2020 has been a year that most businesspeople in Hull will want to forget. While January was filled with New Year optimism fuelled by an end to the political uncertainty in Westminster and an end to Brexit (ho, ho, ho!), no sooner had things got going than COVID-19 came along and ruined everything. Sickness, lockdowns, a loss of custom, supply issues and an evaporation of confidence saw the local economy swing from boom to gloom in a matter of weeks. Happily, since the end of lockdown things have improved considerably and the Hull & Humber Chamber of Commerce reports states that in Q3 the region returned to growth as businesses adapted to the ‘new normal’.
This speedy return to growth and the increasingly positive business sentiment that has accompanied it, are indicative of the region’s underlying economic strength. But what does 2021 have in store for us? In this latest blog from Coversure Hull, Hull’s leading independent insurance brokers, founder and local entrepreneur Andy Price considers what may lay ahead and sees not just challenges but opportunities galore.
What Brexit Means For Hull
Brexit is finally happening. In a few days time we’ll enter 2021 and our four-decade long relationship with the EU will be over. For reasons that date back to the 1970s – including the Cod Wars and the effective ending of Hull’s role as a long-distance fishing port – Hull has been Eurosceptic and in 2016 66% of people voted Leave.
While we officially left in January, thanks to the transition period not much has changed. Come the 1st of January 2021, however, that transition period will end and we’ll be out for good or ill. The mood music at the negotiations over the past couple of weeks has been grim. Significant differences remain in areas including fishing rights, government support for business and conflict resolution. Now while EU talks traditionally do go down to the wire, these seem to intent on bending that wire to breaking point. And while both sides say no deal isn’t what they want, the smart money is on that outcome at present.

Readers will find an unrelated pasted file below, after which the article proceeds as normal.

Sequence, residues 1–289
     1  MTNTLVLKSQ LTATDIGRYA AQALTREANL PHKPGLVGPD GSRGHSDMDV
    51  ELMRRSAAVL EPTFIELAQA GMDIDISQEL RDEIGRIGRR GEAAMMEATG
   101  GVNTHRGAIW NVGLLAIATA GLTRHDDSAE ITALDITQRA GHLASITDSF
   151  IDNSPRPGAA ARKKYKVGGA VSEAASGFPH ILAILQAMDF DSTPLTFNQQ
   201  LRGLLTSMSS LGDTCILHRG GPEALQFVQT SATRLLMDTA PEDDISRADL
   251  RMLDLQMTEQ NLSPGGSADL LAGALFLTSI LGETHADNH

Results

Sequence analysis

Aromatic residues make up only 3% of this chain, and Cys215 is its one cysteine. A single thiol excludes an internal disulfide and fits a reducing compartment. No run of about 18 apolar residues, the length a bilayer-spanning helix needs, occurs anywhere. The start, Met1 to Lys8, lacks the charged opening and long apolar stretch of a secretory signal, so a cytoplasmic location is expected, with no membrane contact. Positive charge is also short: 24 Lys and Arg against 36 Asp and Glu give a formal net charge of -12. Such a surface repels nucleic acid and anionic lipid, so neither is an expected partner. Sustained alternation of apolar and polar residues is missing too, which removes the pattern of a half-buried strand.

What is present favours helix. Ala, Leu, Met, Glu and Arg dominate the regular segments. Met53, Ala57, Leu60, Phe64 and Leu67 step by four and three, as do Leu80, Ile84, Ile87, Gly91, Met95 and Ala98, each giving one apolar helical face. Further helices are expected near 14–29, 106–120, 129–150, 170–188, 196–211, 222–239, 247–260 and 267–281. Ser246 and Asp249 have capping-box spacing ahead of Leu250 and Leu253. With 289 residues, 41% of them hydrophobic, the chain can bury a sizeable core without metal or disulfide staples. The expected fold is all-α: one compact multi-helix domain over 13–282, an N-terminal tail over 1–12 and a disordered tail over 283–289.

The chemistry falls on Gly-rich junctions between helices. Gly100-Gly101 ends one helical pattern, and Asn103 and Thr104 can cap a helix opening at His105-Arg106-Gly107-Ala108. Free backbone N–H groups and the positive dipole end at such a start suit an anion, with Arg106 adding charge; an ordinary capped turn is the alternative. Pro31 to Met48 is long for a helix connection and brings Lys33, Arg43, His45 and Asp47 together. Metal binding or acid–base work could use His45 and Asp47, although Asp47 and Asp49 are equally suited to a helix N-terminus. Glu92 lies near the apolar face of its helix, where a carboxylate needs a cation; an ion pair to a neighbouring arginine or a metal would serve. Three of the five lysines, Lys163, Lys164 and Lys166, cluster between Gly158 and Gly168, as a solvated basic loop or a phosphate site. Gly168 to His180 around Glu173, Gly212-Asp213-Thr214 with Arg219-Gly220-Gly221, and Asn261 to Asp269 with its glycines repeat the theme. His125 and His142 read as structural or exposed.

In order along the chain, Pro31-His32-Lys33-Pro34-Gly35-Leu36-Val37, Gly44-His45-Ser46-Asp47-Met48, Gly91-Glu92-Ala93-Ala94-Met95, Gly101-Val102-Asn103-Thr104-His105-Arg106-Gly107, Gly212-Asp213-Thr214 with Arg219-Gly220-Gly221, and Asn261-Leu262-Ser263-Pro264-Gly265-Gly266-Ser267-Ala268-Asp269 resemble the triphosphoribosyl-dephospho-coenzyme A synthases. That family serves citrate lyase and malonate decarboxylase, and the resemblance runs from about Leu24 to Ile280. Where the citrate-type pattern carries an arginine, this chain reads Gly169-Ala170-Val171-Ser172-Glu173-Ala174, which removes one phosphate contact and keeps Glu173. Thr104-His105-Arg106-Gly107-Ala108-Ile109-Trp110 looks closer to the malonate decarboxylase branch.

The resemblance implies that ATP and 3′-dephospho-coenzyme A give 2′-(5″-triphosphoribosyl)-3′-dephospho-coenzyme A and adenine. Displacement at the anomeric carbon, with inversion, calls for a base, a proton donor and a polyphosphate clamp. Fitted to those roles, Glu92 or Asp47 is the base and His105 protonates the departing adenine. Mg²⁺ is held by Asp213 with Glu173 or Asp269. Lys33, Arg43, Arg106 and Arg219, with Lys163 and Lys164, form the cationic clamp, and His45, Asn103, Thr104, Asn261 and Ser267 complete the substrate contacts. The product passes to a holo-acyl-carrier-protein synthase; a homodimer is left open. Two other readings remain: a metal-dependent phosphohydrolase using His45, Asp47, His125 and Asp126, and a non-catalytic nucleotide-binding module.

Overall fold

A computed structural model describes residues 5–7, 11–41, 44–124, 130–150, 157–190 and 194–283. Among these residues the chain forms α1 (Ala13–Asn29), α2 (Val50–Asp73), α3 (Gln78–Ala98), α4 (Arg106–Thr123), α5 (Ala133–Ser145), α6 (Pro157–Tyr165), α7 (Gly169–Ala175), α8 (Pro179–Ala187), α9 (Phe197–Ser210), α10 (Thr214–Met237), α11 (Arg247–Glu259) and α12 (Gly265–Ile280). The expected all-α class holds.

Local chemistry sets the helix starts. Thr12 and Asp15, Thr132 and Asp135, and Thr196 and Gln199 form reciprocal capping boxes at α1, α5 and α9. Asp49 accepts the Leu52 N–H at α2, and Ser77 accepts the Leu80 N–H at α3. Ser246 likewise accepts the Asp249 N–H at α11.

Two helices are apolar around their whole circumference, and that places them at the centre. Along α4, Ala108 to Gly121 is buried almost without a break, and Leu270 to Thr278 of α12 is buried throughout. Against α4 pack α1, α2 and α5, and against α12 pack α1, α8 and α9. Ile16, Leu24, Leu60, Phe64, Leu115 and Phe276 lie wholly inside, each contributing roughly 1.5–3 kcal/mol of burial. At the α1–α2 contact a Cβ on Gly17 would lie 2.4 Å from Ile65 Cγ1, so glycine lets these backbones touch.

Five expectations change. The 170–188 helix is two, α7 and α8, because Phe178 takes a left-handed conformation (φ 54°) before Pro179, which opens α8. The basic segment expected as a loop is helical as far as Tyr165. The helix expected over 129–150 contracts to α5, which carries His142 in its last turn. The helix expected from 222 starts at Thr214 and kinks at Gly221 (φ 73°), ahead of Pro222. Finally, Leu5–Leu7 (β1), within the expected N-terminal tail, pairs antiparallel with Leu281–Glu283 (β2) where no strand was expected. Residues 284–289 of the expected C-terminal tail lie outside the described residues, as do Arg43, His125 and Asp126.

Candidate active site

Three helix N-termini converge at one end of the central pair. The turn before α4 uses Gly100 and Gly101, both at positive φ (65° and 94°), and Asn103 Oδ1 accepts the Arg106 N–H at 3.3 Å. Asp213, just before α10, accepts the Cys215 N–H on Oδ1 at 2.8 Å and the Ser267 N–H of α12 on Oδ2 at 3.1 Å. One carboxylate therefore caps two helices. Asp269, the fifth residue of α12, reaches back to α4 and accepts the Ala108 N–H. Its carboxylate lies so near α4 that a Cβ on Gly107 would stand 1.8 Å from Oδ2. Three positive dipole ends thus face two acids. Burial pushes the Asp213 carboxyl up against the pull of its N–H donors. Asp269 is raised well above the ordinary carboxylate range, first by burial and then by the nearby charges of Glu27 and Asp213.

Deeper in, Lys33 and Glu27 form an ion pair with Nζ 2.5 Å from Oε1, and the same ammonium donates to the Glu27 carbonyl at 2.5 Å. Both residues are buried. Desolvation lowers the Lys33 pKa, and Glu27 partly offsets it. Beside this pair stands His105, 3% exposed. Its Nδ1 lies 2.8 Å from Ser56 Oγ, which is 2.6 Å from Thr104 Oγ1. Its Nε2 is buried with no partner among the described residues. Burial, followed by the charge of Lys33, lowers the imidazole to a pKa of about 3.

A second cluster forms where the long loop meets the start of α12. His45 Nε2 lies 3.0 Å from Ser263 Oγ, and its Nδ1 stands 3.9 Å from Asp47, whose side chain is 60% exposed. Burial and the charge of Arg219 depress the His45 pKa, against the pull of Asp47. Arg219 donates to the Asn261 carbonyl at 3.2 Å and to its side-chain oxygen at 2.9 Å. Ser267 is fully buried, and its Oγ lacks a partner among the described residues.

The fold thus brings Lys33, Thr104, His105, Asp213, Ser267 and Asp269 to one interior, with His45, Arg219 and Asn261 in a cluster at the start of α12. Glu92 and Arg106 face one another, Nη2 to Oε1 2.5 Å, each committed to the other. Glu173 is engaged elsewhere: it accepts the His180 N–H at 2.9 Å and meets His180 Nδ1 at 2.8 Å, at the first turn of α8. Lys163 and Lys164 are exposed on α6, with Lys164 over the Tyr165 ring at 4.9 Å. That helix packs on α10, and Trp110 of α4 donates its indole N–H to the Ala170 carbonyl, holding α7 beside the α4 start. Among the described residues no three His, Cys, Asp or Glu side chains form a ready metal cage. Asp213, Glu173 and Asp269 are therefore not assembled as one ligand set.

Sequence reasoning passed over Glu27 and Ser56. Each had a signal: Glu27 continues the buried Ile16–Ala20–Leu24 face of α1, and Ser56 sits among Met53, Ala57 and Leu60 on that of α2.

So, what does our ending our free trade agreement with our largest trading partner and moving to World Trade Organisation’ (WTO) rules mean for business? It means uncertainty in the short-term and a shock to UK PLC as a whole. Moving to WTO’ rules means tariffs on goods, customs checks and a likely rise in fuel costs as Sterling falls. None of this is welcome and while new trade deals will be done – Japan’s and Singapore’s are now in place – making up the shortfall in the short-term will be challenging.
Looking away from the national picture and back to Hull, a no deal scenario could prove more mixed. While Kent braces itself to become a permanent lorry park as Operation Stack becomes a county-wide part of the new normal, ports like Hull could be in for boom times. ABP have invested millions in the Port over the past decade and it can now handle bigger vessels thanks to the container facility. If, as many suspect, shippers and hauliers look to alternatives to the southern ports so Hull could become a major player. This could be boosted further if Hull becomes a ‘free port’ – somewhere where tax and duty can be deferred on goods. Boris Johnson has spoken enthusiastically of these in the past and Hull’s name has been mentioned as a potential candidate for free port status.